It’s odd to see a powerhouse like Facebook scrambling to become more like Twitter, a relative upstart with no visible means of revenue. The reported rejected acquisition bid could play a role in a “If you can’t buy them, copy them” way. But clearly, this is what is happening.
First Facebook changed its user interface to a adopt more Twitter-like activity streams. Although this style of user interface is arguably more like Friendfeed than Twitter, they all seem to be converging on a similar model built on real time feeds of what friends and contacts are doing right this very instant. Who cares what anyone was doing or thinking about an hour ago anyway, right?
The second move came this week when Facebook opened up their APIs to third parties. This is a far more welcome, meaningful and risky move for Facebook. One of the reasons Twitter has caught on is that it is easy to build applications on top of the Twitter service using rich interfaces. These applications range from the sublime to the ridiculous, providing mobile access, different styles of clients, monitoring tools, analysis and aggregation.
For most heavy Twitter users, these third party tools define their Twitter experience. Twitter doesn’t really seem to mind, since it has maintained a pretty utilitarian UI on www.twitter.com. it hasn’t changed much except for the addition of a (fairly well-hidden) search engine and a few tweaks seen recently like showing replies when the @symbol is anywhere in the tweet instead of only at the beginning; useful, but hardly revolutionary. There isn’t much need to go there except to change profile information, which doesn’t happen all that often.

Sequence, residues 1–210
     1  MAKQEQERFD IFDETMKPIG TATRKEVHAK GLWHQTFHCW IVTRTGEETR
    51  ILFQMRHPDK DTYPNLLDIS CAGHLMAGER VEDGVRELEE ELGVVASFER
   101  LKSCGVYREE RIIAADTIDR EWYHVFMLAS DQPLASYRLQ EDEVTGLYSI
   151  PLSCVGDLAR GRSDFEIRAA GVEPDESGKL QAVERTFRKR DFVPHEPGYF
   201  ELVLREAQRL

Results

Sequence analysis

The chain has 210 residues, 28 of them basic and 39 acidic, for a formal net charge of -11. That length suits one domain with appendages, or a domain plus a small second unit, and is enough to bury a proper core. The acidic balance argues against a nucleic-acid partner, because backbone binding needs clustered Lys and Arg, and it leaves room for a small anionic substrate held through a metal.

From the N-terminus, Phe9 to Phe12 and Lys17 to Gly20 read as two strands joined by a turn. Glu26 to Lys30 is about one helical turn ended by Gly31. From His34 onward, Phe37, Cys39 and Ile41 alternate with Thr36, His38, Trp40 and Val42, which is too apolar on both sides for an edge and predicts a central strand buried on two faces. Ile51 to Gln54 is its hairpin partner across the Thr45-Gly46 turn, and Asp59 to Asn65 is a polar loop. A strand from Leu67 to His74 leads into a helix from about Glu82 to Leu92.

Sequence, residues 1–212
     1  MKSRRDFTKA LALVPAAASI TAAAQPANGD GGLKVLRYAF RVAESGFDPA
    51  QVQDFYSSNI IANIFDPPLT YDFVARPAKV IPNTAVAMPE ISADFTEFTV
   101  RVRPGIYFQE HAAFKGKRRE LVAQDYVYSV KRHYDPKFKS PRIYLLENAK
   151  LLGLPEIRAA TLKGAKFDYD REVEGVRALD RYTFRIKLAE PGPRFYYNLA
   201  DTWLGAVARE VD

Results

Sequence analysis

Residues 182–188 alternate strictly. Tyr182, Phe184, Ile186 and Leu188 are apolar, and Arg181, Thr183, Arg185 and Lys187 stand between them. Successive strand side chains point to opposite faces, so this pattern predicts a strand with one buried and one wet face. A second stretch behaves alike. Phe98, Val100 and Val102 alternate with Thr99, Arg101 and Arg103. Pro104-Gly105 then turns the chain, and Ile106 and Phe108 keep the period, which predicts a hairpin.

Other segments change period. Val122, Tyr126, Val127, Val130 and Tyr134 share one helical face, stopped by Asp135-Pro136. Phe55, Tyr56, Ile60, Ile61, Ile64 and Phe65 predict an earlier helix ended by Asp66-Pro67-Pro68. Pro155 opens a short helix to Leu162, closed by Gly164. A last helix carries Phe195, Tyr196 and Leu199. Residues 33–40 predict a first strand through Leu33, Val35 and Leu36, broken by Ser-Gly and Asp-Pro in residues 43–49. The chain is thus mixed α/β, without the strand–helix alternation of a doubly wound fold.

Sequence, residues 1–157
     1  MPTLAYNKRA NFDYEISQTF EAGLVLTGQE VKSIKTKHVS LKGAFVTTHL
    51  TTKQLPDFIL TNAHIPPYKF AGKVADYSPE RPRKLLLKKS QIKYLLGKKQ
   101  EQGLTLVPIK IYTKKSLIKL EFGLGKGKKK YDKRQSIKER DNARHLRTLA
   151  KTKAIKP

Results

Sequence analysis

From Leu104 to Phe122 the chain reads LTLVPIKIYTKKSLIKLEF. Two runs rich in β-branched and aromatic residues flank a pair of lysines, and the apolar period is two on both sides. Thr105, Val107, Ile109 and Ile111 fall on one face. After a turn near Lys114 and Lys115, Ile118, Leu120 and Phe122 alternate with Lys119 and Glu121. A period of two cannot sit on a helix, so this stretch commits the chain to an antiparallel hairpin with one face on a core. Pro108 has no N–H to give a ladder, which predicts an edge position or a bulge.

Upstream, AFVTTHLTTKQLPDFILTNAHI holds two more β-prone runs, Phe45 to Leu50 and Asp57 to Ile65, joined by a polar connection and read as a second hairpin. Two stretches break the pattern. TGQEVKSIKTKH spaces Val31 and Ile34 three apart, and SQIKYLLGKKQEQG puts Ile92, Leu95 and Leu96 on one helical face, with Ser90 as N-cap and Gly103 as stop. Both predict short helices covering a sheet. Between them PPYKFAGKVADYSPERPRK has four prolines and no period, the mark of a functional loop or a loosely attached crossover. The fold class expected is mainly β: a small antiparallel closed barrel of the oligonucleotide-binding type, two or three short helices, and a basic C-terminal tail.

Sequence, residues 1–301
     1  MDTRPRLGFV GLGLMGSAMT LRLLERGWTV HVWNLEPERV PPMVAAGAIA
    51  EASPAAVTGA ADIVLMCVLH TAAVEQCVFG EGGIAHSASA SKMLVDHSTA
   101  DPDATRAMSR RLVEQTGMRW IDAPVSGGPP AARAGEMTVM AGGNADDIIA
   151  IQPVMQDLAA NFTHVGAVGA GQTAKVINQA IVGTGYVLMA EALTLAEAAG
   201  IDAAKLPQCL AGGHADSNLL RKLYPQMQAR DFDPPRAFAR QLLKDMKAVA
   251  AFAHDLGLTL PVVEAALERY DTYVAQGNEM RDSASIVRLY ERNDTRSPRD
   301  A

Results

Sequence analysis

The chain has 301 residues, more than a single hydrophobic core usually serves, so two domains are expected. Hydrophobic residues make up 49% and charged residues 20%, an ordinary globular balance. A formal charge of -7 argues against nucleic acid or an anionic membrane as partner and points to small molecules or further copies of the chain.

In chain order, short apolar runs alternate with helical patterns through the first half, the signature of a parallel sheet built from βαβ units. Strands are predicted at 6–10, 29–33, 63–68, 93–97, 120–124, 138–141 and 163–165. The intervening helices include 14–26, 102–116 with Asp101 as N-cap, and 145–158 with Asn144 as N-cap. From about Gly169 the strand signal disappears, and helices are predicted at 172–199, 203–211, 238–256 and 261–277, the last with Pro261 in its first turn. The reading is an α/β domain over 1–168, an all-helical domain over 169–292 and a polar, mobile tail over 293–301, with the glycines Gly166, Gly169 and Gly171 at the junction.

Unlike Facebook and most other sites, Twitter doesn’t need to bring people to their site in order to make money by pushing advertising at them. For reasons discussed in an earlier post, I believe Twitter is concentrating on building volume and loyalty, with monetization to come later. Of course. “later” cannot become “never;” eventually they need to bring in some money. For the moment, that doesn’t seem to be a priority, however.
The threat to advertising revenue is why this is such a risky move for Facebook. When anyone can build a flashy AIR-based client to follow their friends activities, or gadgets that pull selected data from the Facebook stream, then there is less reason for users to actually visit www.Facebook.com, which is when the cash register jingles at Facebook HQ. So far, Facebook has done everything it could to keep users coming to its site rather than sending its data to someone else’s. I think that Facebook is counting on three factors in favour of opening up:
- More activity means more visitors
If the third party apps bring in more punters, than eventually they will visit Facebook.com with its full range of functionality. What they lose in visits they gain through more visitors.
- Other revenue sources will open up
Advertising is not the only source of money for social media. Expect to see more emphasis on sponsorship, partner fees, value-added services, and joint ventures.
- If they don’t, Facebook could become irrelevant.
Right now, they are at the top of the social media heap, recently having passed Myspace, which in turn replaced Friendster as the place to be. Losing some advertising revenue is better than being replaced.
I believe that last reason is the real clincher. The first two are throws of the dice; new money could replace or even surpass what they could miss. The risk of becoming the Last Big Thing in social media rather than staying the current big thing is more like flirting with disaster. A forward-leaning strategy encouraging more partnerships and activity certainly makes more sense in this space than building walls, so I think this is fundamentally a good move on Facebook’s part. It can be scary to put a painfully developed revenue stream at risk, but in the social media market, trying to protect it by erecting barriers will eventually prove disastrous.
By the way, I’m sure that the role of Twitter and Facebook will come up often at Gartner’s PCC conference in Orlando in June.